+ Reply to Thread
Results 1 to 4 of 4

Thread: and when does a nymph become a streamer?

  1. #1
    Join Date
    Dec 2003
    Location
    Las Cruces, NM
    Posts
    1,677

    Default and when does a nymph become a streamer?

    I picked out a fly from my box yesterday that looked like it would serve as a weight to get my other fly down into the fishes target and after I got a fish on it wondered about what it was. It had a peacock body, bead head, and a marabou tail - also a kf stripe down the side. It was one of my ties, but don't remember where I got the idea for it. I do remember a pattern of Gary LaFontaines where he used a marabou tail on a nymph, but it made me wonder.

  2. #2
    Join Date
    Feb 2003
    Location
    Grand Junction CO. U.S.A.
    Posts
    503

    Default

    I dead drift Wooly Buggers (Size 10-6) on the bottom just like a nymph. I believe (only the fish know), they are taken for large Stone Nymphs. This is a Streamer, that is being nymphed. Come to think of it. I use to do the same with Muddler Minnows.

  3. #3

    Default

    Harry Murray uses the term "strymph" for flies that can be fished either as streamer or as a nymph (sometimes on the same cast). He ties something similar to what you describe where he uses a bunch of shank length ostrich herl for the tail. http://catalog.murraysflyshop.com/co...urrays-strymph

    Rich Osthoff ties a similar fly with a long tuft of rabbit fur for a tail. He advocates fishing it in an "active" manner which strikes me as a cross between dead drift nymphing and active, tight line streamer fishing. http://www.richosthoff.com/2378.html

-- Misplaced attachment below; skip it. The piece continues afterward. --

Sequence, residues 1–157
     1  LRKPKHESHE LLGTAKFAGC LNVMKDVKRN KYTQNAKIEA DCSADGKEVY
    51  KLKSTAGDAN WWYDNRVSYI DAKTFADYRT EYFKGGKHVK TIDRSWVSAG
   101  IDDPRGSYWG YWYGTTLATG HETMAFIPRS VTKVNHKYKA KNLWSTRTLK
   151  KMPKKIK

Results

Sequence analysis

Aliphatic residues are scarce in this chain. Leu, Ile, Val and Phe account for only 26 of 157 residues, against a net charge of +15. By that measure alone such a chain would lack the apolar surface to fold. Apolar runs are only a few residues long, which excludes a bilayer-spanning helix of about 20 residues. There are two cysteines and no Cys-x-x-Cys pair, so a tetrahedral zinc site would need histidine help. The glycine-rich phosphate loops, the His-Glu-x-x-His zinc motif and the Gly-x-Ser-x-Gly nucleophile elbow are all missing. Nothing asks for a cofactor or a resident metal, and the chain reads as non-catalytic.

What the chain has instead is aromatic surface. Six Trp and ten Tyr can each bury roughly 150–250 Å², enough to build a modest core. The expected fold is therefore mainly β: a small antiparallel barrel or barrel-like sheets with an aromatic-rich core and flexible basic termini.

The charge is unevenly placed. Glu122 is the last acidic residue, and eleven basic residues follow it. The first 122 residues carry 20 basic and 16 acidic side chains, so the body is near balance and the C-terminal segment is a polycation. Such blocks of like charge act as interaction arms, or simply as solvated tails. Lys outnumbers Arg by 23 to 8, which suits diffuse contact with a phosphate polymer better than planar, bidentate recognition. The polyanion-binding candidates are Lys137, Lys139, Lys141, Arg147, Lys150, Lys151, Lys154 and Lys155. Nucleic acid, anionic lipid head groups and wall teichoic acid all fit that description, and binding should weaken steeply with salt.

4. #4
    Join Date
    Oct 2008
    Location
    Woodbine, MD
    Posts
    500

    Default

    Quote Originally Posted by DUB View Post
    I dead drift Wooly Buggers (Size 10-6) on the bottom just like a nymph. I believe (only the fish know), they are taken for large Stone Nymphs. This is a Streamer, that is being nymphed.
    Actually, you could say it's just the opposite. Russ Blessing designed the Wooly Bugger to imitate a hellgrammite -- the nymph of the dobson fly. So, it's really a nymph that many people fish as a streamer.

    Some of the flat wing streamers like the Wood Special (like the one at http://globalflyfisher.com/streamers...wing/woods.htm) work very nicely as large stone fly nymphs when dead drifted.

    The pattern that I would use to imiate iso nymphs (Prince Nymphs, Zug Bugs, etc) are often better fished like a small streamers, since the naturals are active swimmers, so those sort of straddle the line. And almost anything I'd use to imitate Green Drake or Hex nymphs could be called streamers, just due to the sheer size.
    Last edited by redietz; 09-02-2013 at 08:14 PM.
    Bob

+ Reply to Thread

Posting Permissions

  • You may not post new threads
  • You may not post replies
  • You may not post attachments
  • You may not edit your posts